Saturday, 10 May 2014

Why sheep need open data

On Monday 19 May in collaboration with the ODI, Horizon is hosting a workshop, grandly entitled:
Show me the future of: the built environment and open data
So what's it all about? I've been on a journey...

About 10 years ago I bought the field next to my house; two border collies need space to stretch their legs....

Then we thought chickens. DEFRA regulations require that if you keep 50 or more birds then you need to register - we've not taken to supplying the village with eggs, so we were able to avoid this piece of agricultural bureaucracy.

Until we very recently decided sheep. One sheep and you need to register. You need a "County Parish Holding" number which you obtain by phoning the nice folks at Rural Payments Agency and providing "postcode or OS Grid Reference(s) - postcode not much use as it covers most of the village, but my O-level geography seemed to mostly consist of providing and looking up OS Grid References so I can do that.

Then I thought - when I bought this land it was lodged with the Land Registry; would it not be great if I could simply refer to the registry entry and then DEFRA would know not only some point in the middle of a field, but know the boundaries. That might be joined up.


However, I was saddened to remember that I had previously been looking for a digital representation of the boundaries for my home on a planning permission matter [1] and it was not readily available - seemed historically such dangerous digital information was reserved for "the trade".

This information is subject to Crown copyright and
is reproduced with the permission of Land Registry
I'm not a geospatial expert so was only aware in principle of the EU INSPIRE activity, but not the detail. So I was pleased to hear this week at a Big Data event at RAL from the Land Registry that, prompted by INSPIRE, and as part of their open data initiative, the "index polygon" data for land registered with them [2] is now available under OGL. It can be visualized on data.gov.uk directly, or downloaded in chunks from the Land Registry site (warning many files!). It is in GML format, so I had to dust off the Quantum GIS [3], but now have the open data happiness of being able to work with the authoritative data.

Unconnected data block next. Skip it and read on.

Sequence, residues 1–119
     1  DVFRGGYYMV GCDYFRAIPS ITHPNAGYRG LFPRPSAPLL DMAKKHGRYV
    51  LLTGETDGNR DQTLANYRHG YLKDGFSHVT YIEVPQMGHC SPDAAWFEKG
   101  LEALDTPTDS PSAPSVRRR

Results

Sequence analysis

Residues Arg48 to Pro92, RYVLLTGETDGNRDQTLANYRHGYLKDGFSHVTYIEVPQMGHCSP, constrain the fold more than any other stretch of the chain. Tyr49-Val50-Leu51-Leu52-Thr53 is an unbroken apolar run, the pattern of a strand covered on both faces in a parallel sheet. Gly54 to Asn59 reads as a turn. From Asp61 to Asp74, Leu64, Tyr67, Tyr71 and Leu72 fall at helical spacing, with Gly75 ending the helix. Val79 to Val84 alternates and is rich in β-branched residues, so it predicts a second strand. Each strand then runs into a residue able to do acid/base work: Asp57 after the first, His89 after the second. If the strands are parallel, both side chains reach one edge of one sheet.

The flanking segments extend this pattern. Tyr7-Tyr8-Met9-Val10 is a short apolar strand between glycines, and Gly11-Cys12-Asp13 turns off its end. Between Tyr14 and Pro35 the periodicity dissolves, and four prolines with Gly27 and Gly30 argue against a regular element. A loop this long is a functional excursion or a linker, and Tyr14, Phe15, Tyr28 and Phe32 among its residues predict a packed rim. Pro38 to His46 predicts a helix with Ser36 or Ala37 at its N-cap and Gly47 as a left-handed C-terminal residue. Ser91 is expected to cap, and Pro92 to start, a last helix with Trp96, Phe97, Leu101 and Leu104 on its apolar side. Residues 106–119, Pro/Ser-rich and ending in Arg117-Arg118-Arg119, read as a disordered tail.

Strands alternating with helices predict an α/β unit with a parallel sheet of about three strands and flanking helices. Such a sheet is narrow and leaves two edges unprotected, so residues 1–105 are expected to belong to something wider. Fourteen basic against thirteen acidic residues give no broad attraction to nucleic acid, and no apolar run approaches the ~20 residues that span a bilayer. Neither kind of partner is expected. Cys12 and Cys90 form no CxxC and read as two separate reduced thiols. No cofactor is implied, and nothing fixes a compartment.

Still can't send it to DEFRA though; and likewise, now that I have my CPH number from DEFRA I'm not actually sure what they have on record as the land concerned, so still plenty of room for improvement and joined up thinking.

Which leads us to the topic of the workshop - how many other sources of information (public and private) out there could we be pulling together around the environment in which we live and what new services could we offer. My semi agricultural example is simple compared to the complexity of, say, providing a service that allows Joe Public to send an alert to the tenant in a multi occupancy building that water is gushing out of their flat even though Joe should never know who the tenant is (N.B. posts passim on privacy).

Join us - the wilder the speculation the better the result :-)



[1] You can deface your property and the neighborhood with solar panels on the roof but woe betide you if you want to install them at the bottom of your garden out of sight behind a 6ft fence - you'll need planning for that!

[2] Currently for freehold registries.

[3] Quantum GIS is a free and open source Geograpical Information System.




Wednesday, 7 May 2014